How technology is changing asset management

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In the old world of banking, savings and investment professionals viewed the world as two classes of people, wealthy clients and ordinary people. The first category where offered wealth management services, and the latter where offered a savings account.

However, banking customers were developing more sophisticated needs and the rise of self-service investment and trading platforms captured the attention of the mass affluent segment when they arrived in the mid- to late nineties. As a result, the securities industry reached a stagnation in growth and ultimately major consolidation of the brokerage industry.

Changes in the regulatory landscape also challenge status quo in the asset management industry through MifID II and Retail Distribution Review (RDR). Key takeaways from the UK market shows that the implementation of RDR has led to an advisory gap, leaving 5,5 million banking customer “underadvised”. This strongly favors self-service platforms, and players like Nutmeg has seem tremendous growth following the implementation of RDR in 2013.

With the rise of robo-advisors and intelligent automation, asset managers and financial advisors are potentially facing the same fate as the retail stock brokers. According to a survey conducted by the CFA Institute, the majority of respondents, which included more than 3,000 chartered financial analysts around the world, view asset management as the industry most at risk from disruption by automated investment tools.

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Image: CFA Institute

Robo-advisory is a fraction of the market compared to overall assets under management, but the industry is preparing for a much more competitive future. That future is one of greater choice because “robo-advice represents the democratization of wealth management,” according to Dirk Klee, Chief Operating Officer at UBS Wealth Management. Too meet this development, UBS have developed their own robo-advisory service containing investment options that were previously  only available to the distinguished few are offered wo a wide range of customers. UBS recently launched online wealth manager, SmartWealth, which lets people gain access to the Swiss bank’s investment expertise with as little as £15,000 to invest. The previous investment threshold was £2 million.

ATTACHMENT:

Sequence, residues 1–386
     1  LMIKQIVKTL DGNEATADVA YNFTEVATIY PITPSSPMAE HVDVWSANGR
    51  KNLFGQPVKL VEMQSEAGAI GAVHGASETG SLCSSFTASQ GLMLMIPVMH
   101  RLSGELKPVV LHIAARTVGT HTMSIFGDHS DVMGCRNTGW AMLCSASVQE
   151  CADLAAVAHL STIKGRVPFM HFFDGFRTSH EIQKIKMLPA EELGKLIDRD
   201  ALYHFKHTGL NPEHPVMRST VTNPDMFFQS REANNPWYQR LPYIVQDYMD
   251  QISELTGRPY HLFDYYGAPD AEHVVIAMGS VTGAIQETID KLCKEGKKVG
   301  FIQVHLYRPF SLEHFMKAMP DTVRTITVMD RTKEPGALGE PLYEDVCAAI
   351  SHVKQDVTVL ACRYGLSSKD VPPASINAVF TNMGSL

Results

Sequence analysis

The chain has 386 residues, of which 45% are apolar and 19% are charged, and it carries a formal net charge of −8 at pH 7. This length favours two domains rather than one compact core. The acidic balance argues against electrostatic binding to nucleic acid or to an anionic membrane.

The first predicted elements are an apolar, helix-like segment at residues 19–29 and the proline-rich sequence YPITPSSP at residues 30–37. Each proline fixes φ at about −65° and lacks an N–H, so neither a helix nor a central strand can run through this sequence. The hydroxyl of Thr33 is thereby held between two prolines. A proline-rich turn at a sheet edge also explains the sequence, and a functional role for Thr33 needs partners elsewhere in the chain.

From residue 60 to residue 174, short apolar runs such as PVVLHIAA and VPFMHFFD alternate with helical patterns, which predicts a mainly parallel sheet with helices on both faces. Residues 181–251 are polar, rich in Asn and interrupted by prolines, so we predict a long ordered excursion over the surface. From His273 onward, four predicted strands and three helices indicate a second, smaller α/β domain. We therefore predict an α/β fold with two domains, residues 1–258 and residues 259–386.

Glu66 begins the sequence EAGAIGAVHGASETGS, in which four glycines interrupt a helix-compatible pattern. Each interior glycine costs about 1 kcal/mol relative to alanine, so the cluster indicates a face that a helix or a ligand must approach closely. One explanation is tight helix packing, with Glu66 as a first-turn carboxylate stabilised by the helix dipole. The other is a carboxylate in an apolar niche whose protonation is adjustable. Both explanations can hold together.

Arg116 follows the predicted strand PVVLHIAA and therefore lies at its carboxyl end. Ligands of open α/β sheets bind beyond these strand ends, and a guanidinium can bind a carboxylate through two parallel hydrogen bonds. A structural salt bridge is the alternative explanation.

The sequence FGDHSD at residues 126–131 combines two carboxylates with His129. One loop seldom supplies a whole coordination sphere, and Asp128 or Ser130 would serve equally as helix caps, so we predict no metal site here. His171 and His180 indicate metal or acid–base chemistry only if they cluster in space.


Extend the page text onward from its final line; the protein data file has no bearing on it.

While incumbents are still addressing traditional clients, the demographics and user behavior of the typical customer is changing. Marketplace lending is not only a source of capital for SMEs and individuals, but offers an additional asset class for private investors that where once only available for wealthy clients as well as receiving a AA- rating from Fitch and Aa3 rating from Moody’s on the most senior notes on a securitization of parts of the loans portfolio earlier this year.

There is also a disconnect between the rising economic power of women and the fact that women are still a disproportionately small portion of the world’s savers and investors. The rise of everyday banking services that integrate savings as a part of daily spending behavior lowers the barrier to start saving money will also have a profound impact on future customer behavior. Their high frequency, tech-savvy approach demands and uses a variety of self-service channels and services, including personal finance management (PFM) tools and financial alerts. According to Javelin research, this demographic named ‘Moneyhawks’ are the most profitable customers banks don’t know they have.

Even though much of the change is focused on the front end, it will ultimately affect the whole value chain. Low interest rates and global trends are correlating increasingly with fund performance, and explains over half the average stock returns, favoring low cost ETFs over active asset managers. As active managers are struggling to outperform the market, Vanguard is lowering account fees to as little as 30 bps, compared to 100+ bps from a typical managed fund.

There is nowhere to hide in the changing landscape of financial services, and asset management is no exception. There will still be room for the human element in asset management, but technology will play an increasingly more important role. At the end of the day, the democratization of wealth management has the potential to make previously unavailable investment alternatives accessible to a much larger market.

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